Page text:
Gerlis Fugmann: Wirtschaftliche Entwicklungsperspektiven von Nationen der Vierten Welt. Eine Untersuchung am Beispiel der indigenen Bevölkerung Nunavuts. Berlin 2008 (Beiträge zu interdisziplinären Studien in Ländern des Südens 3). 126. S.

This treatise, based on the author's master's thesis in geography, focuses on the perspectives of modern socio-economic developments for Fourth World Nations and especially for the aboriginal population, the Inuit, in the Territory of Nunavut in arctic Canada. Since the early 1970s the term 'Fourth World' has been used by  Canadian aboriginals to describe the particular situation of indigenous peoples - First Nations - encapsulated in modern industrialized nation-states that emerged from former colonies.

After introducing and discussing the issues around aboriginal lands rights and the completed and still continuing negotiations between the Canadian State and aboriginal nations, Fugmann concentrates on the emergence of Nunavut after lengthy negotiations between the Federal Government and the Inuit that resulted in legal settlements that dealt with Inuit claims to land and compensation and in the creation of a new public entity, the Territory of Nunavut in 1999 in which the Inuit represent the majority of the 30,000 inhabitants (2008) within area of two million square kilometres - a precarious construct considering cultural, socio-economic and political perspectives. The author presents briefly the geographical, demographic and political framework for modern Nunavut and then delves in detail into the economic conditions and the future prospects for the territorial population. Here the terms 'mixed economy' and 'wage-based economy' are introduced to show the dependence, on the one side, on existing renewable resources (e.g. caribou, sea mammals, and fish) and, on the other side, on the ever-increasing wage-economy based heavily on the public service sector, exploitation of non-renewable resources and, finally, tourism with global dimensions. The author discusses diligently some of these sectors in their resource base, infrastructure and future possibilities, connecting them, in the end, with the current scientific and political discussions around global change and environmental impact which have become of paramount importance in arctic regions. Fugmann's analysis is solidly researched and based on extensive literature and other sources. She has understood to frame her discussions by highlighting the precariousness of modern development for a minute population in a large geographical area within a political system - Canada - whose sovereignty and national prospect is still evolving next to the claims and expectations of aboriginal nations within the same framework. The author's work is a welcome addition to the understanding of such processes.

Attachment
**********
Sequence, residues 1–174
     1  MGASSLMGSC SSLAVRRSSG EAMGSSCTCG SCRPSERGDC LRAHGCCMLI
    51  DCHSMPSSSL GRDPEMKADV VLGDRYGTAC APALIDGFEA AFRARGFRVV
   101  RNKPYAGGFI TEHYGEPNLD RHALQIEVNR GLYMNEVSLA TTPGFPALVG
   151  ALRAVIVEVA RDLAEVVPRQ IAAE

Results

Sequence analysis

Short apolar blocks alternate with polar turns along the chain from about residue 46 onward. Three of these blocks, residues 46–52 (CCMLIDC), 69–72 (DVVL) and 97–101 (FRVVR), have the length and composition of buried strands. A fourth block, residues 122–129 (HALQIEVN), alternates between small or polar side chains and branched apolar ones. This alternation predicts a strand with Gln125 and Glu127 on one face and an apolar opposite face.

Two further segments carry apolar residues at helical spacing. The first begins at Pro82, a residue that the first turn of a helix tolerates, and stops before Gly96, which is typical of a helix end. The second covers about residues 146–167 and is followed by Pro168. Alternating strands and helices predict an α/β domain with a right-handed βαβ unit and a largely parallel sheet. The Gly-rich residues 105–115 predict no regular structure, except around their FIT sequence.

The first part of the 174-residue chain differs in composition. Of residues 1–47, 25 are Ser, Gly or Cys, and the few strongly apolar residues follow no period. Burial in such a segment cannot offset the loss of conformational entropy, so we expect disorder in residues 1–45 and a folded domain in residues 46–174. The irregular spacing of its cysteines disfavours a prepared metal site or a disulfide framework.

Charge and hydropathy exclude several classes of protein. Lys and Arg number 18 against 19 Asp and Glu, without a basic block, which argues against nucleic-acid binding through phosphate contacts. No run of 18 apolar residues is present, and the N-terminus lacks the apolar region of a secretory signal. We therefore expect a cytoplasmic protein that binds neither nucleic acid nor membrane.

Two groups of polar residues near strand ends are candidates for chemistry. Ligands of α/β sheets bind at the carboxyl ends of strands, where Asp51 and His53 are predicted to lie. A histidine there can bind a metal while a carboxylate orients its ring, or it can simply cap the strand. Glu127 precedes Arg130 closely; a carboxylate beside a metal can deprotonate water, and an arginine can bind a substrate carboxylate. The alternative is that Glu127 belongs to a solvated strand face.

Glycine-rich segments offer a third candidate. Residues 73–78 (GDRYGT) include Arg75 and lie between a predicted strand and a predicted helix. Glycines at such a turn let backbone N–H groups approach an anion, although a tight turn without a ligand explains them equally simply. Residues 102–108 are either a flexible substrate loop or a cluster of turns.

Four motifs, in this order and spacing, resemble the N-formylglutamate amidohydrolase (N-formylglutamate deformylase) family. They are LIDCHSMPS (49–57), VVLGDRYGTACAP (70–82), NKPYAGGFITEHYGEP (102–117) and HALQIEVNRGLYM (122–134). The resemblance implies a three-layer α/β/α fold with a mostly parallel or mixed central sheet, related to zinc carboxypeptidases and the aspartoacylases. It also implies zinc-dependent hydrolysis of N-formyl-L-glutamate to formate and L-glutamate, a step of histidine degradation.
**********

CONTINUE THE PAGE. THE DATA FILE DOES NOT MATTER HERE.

Autor: Ludger Müller-Wille

Quelle: Erdkunde, 63. Jahrgang, 2009, Heft 1, S. 81

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